In the present case, the sentence for each offense is within the statutory guidelines.   See OCGA §§ 16-7-21(a);  16-7-23(a)(1).   The trial court had the discretion to impose consecutive sentences for separate offenses.   OCGA § 17-10-10;  Hambrick v. State, 256 Ga. 148, 149(3) 344 S.E.2d 639 (1986);  Cottingham v. State, 206 Ga.App. 197, 198-199(3), 424 S.E.2d 794 (1992).  “A presumption arises when a defendant is sentenced within the statutory limits set by the legislature that such sentence does not violate the Eighth Amendment's guarantee against cruel and unusual punishment.”   (Footnote omitted.)  Couch v. State, 248 Ga.App. 238, 240(3), 545 S.E.2d 685 (2001);  Burgos v. State, 233 Ga.App. 897, 902, n. 2, 505 S.E.2d 543 (1998).  “Such presumption remains until a defendant sets forth a factual predicate showing that such legislatively authorized punishment was so overly severe or excessive in proportion to the offense as to shock the conscience.  [Cit.]”  Burgos v. State, supra.   See also Graham v. State, 266 Ga. 543, 544(4), 468 S.E.2d 363 (1996);  Jones v. State, 246 Ga.App. 857, 858(1), 542 S.E.2d 584 (2000) (legislative discretion must be deferred to unless, under the circumstances, the sentence shocks the conscience).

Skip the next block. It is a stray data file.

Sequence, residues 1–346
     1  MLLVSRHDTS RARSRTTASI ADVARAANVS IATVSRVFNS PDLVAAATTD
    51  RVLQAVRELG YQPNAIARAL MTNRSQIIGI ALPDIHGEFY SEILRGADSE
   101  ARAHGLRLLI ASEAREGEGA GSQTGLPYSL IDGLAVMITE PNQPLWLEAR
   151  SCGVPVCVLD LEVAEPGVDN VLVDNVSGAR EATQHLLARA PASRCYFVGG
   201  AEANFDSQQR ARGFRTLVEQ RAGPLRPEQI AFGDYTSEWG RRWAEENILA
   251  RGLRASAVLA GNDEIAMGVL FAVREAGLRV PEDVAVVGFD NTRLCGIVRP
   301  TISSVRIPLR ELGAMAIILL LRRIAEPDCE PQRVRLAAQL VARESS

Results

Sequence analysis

In this case, Hill physically attacked D. Hill in a fit of rage and damaged her car.   There was additional evidence that Hill grabbed Adams by the shirt and spoke to her in a threatening manner.   Both D. Hill and Adams testified that they were scared of Hill and feared for their safety.   Corporal Margaret Dawson testified that when D. Hill and Adams arrived at the City of Toccoa Police Department, they were both very shaken and extremely upset.   Further, D. Hill testified that this was not the first time Hill had attacked her out of anger.   Under these facts, Hill's sentence was not overly severe or excessive so as to shock the conscience.

Judgment affirmed.


1.   OCGA § 16-7-23(a)(1) provides:  “A person commits the offense of criminal damage to property in the second degree when he [i]ntentionally damages any property of another person without his consent and the damage thereto exceeds $500.”

2.   OCGA § 16-7-21(a) provides:  “A person commits the offense of criminal trespass when he or she intentionally damages any property of another without consent of that other person and the damage thereto is $500.00 or less.”

3.   Jackson v. Virginia, 443 U.S. 307, 99 S.Ct. 2781, 61 L.Ed.2d 560 (1979).


JOHNSON, P.J., and MIKELL, J., concur.